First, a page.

Read an Ebook
Yesterday was “Read an Ebook Day.” An essential holiday for authors such as myself that provide an Ebook option to the print versions of our books. A small device, like your phone or tablet, can hold thousands of books, and once downloaded, there is no requirement for internet or WiFi availability to access the content. Of course, you can even read on an Ebook application on your laptop or desktop computer.
For avid readers that travel, that means not loading your luggage with pounds of book weight, leaving tons of room for fun souvenirs.
Sight-challenged readers can enlarge the font on their E-reader, allowing them to read previously blurred cloudy images that kept them from enjoying books.
When did the concept of Ebooks emerge? Surprisingly in 1930, Bob Brown introduced this idea after watching his first talkie movie. Almost 20 years later, Angela Ruiz Robles designed an automated book reader, the Enciclopedia Mecánica. Her prototype device had graphics and texts loaded on spools and operated with compressed air. Unfortunately, her invention was never mass-produced.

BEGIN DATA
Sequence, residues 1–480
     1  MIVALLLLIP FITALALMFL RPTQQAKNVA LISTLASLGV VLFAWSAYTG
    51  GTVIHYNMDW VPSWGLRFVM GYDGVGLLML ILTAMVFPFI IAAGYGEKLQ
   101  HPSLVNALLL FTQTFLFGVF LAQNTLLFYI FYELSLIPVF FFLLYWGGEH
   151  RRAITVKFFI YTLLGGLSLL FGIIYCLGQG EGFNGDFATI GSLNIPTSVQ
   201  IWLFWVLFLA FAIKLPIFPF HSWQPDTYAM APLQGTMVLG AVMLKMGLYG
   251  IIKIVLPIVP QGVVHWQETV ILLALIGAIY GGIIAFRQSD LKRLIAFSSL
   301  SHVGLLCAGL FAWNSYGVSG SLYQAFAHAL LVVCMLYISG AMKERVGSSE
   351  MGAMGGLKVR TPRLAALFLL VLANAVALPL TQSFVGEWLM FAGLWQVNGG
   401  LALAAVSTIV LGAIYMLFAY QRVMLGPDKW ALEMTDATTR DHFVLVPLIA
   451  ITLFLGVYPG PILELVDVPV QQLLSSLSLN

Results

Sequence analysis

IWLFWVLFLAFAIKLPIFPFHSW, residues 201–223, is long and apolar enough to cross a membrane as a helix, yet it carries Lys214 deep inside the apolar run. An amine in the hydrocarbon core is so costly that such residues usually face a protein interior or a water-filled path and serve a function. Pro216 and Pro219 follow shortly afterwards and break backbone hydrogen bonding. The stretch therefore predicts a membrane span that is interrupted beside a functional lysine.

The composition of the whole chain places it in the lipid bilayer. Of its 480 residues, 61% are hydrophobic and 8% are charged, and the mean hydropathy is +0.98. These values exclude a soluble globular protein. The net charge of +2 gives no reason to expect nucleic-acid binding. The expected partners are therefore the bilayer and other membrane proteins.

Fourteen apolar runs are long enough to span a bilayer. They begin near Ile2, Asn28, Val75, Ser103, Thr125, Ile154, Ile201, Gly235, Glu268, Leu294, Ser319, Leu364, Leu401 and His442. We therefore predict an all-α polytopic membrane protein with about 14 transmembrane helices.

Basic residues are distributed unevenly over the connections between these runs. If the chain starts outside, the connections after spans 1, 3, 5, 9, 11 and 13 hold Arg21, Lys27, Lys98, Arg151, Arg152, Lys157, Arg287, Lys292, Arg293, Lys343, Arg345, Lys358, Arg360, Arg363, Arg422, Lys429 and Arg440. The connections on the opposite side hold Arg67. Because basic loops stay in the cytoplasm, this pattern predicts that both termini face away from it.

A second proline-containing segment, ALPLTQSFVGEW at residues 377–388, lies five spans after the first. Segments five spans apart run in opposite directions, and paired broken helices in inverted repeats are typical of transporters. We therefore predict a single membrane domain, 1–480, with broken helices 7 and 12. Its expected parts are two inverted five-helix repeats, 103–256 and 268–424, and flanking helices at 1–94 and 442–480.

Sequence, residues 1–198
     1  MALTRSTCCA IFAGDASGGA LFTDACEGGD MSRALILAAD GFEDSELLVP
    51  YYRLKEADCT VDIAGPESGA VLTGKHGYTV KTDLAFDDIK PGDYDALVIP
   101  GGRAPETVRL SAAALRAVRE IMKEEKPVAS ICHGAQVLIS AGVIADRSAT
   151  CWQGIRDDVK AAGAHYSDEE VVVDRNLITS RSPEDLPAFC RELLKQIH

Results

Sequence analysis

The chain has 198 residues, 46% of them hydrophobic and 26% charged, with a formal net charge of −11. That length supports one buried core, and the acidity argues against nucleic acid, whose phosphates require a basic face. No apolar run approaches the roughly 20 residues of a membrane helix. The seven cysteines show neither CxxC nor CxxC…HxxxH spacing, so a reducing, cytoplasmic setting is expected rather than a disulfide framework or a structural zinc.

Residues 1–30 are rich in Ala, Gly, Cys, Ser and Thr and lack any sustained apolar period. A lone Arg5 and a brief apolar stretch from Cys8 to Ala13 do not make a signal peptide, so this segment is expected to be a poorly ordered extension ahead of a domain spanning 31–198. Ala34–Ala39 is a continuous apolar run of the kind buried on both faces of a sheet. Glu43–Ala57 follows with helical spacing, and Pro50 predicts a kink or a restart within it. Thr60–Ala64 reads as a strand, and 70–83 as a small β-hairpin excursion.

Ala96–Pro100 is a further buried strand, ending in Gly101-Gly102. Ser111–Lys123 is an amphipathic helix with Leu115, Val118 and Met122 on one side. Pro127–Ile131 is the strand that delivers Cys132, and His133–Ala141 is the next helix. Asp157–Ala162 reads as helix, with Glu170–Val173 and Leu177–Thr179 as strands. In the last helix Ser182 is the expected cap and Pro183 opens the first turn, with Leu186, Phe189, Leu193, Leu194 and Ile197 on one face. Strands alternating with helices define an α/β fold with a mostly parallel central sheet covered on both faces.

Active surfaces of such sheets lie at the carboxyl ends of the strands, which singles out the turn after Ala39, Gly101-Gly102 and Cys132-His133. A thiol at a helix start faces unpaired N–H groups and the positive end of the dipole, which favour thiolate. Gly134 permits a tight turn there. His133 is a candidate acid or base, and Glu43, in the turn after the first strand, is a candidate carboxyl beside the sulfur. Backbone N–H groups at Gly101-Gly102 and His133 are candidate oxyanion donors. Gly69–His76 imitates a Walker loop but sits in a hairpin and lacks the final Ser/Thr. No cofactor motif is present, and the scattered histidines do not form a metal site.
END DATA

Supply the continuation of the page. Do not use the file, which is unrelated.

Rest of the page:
In 1971, Micheal Hart entered a plain text copy of the Declaration of Independence into a computer and shared it for free downloading on ARPANET. In 1971, He also founded Project Gutenberg, a system that created electronic copies of publications.
Ebooks were commercialized in 1993 via the BiblioBytes website. Free Ebooks websites are Project Gutenberg, Open Library, Internet Archive, PDF Books World, Planet ebook, and Amazon Free Kindle books. Paid versions of Ebooks are widely available on the internet; look here at The Ultimate Guide on Where to Buy Ebooks for many sources.
What are you reading? Do you prefer Ebooks or the traditional print format? Whatever your preference, there are plenty of options to keep you reading late into the night.